Madison, Wes. – When Anna Bruce’s dog died, she decided to send Chewy’s unused pet food—without expecting the company to send her a gift.
Gus – the 5-year-old chocolatier of Brose/German Shorthair Pointer mix – recently died of stomach bloating.
“Gus was a kind and loving soul,” Bruce told Fox TV. “He was very nervous when he first adopted him, and he had a lot of fears – new people, thunder, balloons – but he worked hard to overcome those fears in order to be close to us. He just wanted to be in physical contact with one of us at all times. “.
Bruce said she ordered pet food from Chewy and tried to return Gus’s unopened bag of dog food a week after his death.
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She said that the company’s customer service agent, named Jordan, not only offered her condolences, but gave her back in full. Bruce said the agent advised her to donate food to a local shelter.
Then came a surprise.
Last week, Bruce said, she found a box of flowers on her front porch in Madison, Wisconsin. I initially thought it was from a friend or relative, but it turned out that the bouquet came from Jordan Shui.
“It was very touching and unexpected to receive flowers from Chewy,” she continued. “They totally blew me away. I’ve always had great customer service from them, but this was a whole other level. It meant so much to us that they knew and cared about Gus’s departure.”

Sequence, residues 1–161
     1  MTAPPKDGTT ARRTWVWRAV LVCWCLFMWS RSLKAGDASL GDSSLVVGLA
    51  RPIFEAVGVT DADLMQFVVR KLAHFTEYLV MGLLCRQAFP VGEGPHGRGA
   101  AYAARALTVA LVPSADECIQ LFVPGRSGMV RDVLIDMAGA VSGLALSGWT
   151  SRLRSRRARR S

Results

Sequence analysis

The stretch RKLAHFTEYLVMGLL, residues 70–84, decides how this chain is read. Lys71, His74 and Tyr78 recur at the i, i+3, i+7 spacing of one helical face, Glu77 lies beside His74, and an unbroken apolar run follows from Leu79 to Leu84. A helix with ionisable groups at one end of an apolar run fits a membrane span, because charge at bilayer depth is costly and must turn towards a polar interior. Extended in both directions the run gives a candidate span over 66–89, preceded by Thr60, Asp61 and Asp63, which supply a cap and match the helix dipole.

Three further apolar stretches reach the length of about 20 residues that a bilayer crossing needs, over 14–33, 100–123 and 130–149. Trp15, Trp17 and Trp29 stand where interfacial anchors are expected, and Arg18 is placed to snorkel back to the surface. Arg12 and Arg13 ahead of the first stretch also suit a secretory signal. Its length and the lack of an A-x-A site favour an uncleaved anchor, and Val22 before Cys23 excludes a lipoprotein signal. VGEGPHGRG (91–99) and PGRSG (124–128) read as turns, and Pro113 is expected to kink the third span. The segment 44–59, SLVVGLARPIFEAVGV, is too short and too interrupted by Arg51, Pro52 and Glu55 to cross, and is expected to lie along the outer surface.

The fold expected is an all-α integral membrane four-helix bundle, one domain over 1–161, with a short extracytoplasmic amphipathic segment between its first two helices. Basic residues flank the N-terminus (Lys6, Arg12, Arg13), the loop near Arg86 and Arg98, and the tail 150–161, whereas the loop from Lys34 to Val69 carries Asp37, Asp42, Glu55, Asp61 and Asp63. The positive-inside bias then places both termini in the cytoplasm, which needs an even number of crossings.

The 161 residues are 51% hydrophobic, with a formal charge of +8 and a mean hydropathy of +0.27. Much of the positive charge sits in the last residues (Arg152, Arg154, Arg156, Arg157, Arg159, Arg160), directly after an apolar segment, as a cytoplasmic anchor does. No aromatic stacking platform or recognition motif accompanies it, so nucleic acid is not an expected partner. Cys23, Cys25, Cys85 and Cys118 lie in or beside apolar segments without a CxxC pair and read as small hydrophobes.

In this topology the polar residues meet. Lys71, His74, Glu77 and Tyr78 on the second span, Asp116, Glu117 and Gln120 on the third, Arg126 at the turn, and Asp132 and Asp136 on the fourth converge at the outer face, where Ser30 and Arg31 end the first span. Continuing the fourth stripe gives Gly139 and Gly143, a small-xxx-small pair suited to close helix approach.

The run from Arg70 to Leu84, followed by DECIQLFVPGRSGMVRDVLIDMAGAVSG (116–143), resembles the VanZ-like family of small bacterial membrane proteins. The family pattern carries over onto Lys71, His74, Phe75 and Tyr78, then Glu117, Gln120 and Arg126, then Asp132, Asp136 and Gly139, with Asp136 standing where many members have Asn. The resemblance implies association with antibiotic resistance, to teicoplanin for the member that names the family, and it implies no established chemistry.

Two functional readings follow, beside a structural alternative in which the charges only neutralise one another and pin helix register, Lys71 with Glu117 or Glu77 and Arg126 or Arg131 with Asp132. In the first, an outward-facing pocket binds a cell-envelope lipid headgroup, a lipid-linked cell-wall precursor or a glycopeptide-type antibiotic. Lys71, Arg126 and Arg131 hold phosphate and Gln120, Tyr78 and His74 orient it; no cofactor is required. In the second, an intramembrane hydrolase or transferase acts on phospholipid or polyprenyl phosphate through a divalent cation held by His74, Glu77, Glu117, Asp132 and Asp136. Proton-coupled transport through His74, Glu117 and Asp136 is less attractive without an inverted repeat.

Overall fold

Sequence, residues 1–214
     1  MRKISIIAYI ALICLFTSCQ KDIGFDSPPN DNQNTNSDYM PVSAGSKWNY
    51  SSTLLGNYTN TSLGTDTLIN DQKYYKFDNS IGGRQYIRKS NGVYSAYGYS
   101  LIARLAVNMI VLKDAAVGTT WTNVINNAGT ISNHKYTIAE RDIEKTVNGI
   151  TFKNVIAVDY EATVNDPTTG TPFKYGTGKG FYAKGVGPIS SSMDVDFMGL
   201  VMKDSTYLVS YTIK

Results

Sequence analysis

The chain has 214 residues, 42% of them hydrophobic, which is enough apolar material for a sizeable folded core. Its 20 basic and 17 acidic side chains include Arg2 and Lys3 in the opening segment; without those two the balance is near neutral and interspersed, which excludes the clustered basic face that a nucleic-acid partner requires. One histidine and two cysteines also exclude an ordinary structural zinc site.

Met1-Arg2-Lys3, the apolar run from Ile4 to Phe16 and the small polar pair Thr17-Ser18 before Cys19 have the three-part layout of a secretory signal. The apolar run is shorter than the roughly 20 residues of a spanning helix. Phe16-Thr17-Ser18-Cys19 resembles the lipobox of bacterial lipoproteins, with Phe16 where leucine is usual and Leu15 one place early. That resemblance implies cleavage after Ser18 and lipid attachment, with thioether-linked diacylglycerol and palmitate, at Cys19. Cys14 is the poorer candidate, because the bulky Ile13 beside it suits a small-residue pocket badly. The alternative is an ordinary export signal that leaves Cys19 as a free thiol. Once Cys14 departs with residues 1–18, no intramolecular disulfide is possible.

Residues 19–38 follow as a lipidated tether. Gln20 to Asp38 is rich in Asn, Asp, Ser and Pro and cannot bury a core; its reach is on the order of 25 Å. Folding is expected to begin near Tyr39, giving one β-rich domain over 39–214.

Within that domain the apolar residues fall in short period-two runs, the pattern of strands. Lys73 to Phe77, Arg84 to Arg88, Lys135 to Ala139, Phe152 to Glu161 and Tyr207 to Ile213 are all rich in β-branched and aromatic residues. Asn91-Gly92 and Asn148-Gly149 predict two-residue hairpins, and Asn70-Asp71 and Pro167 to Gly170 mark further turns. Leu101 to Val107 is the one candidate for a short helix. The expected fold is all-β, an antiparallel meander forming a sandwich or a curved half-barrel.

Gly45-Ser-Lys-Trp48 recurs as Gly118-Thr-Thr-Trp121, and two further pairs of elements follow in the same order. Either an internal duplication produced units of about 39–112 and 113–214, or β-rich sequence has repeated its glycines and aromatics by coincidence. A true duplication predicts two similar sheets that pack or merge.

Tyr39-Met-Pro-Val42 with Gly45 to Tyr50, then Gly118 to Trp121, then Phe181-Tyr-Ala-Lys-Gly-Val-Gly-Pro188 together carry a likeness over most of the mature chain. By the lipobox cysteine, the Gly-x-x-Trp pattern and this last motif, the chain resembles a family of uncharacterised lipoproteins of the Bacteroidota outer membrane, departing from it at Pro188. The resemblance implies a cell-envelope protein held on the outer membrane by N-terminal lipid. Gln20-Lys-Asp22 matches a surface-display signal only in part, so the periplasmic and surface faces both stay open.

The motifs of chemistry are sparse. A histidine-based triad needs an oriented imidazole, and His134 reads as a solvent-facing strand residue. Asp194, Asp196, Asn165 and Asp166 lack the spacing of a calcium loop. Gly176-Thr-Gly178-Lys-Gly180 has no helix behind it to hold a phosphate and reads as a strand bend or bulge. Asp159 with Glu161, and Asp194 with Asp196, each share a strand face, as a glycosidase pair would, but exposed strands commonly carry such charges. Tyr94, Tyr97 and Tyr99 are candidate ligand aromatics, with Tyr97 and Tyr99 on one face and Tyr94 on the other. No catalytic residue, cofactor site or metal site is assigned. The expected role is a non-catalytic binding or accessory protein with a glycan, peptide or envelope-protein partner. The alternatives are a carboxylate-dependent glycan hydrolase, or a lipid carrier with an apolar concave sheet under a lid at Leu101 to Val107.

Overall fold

She posted about the touch gesture on her Twitter page.
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She wrote: “I called Chewy last week to see if I could return an unopened bag of food from my dog after he passed away.” “They 1) gave me a full refund, 2) told me to donate food to the shelter, and 3) flowers were delivered today with the gift note signed by the person I spoke to??
Chewy responded too.
“It’s the least we can do Anna. We hope these flowers help keep your spirits high,” the company wrote on Twitter.
“Every interaction with a customer is an opportunity to delight them in a moment of joy or offer sympathy in a time of grief,” Andrew Stein, Chewy’s senior director of customer service, said in a statement to FOX TV stations. “This act of enduring companionship, which includes sending out handwritten holiday cards, hand-drawn pet photos, and sympathy flowers, is an integral part of our culture and allows us to create deep personal and emotional bonds through all of a pet parent’s ups and downs journey. .”
Some people online have accused Chewy of self-promotion. However, Bruce said that doesn’t mean the company doesn’t have empathy.
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“Of course, the company must promote itself to be successful,” she added. “However, I really feel that their customer service staff act out of empathy and genuine care for their customers and their pets.”
Bruce said she never expected her tweet to go viral, but it was a special way to remember Joss.
“Gus was such a special dog,” she said, “and it means so much that so many people will remember him.” “I hope people find hope in this story and feel inspired to support shelter dogs like Gus through adoption or a donation to their local humanitarian community.”
This story was reported from Los Angeles.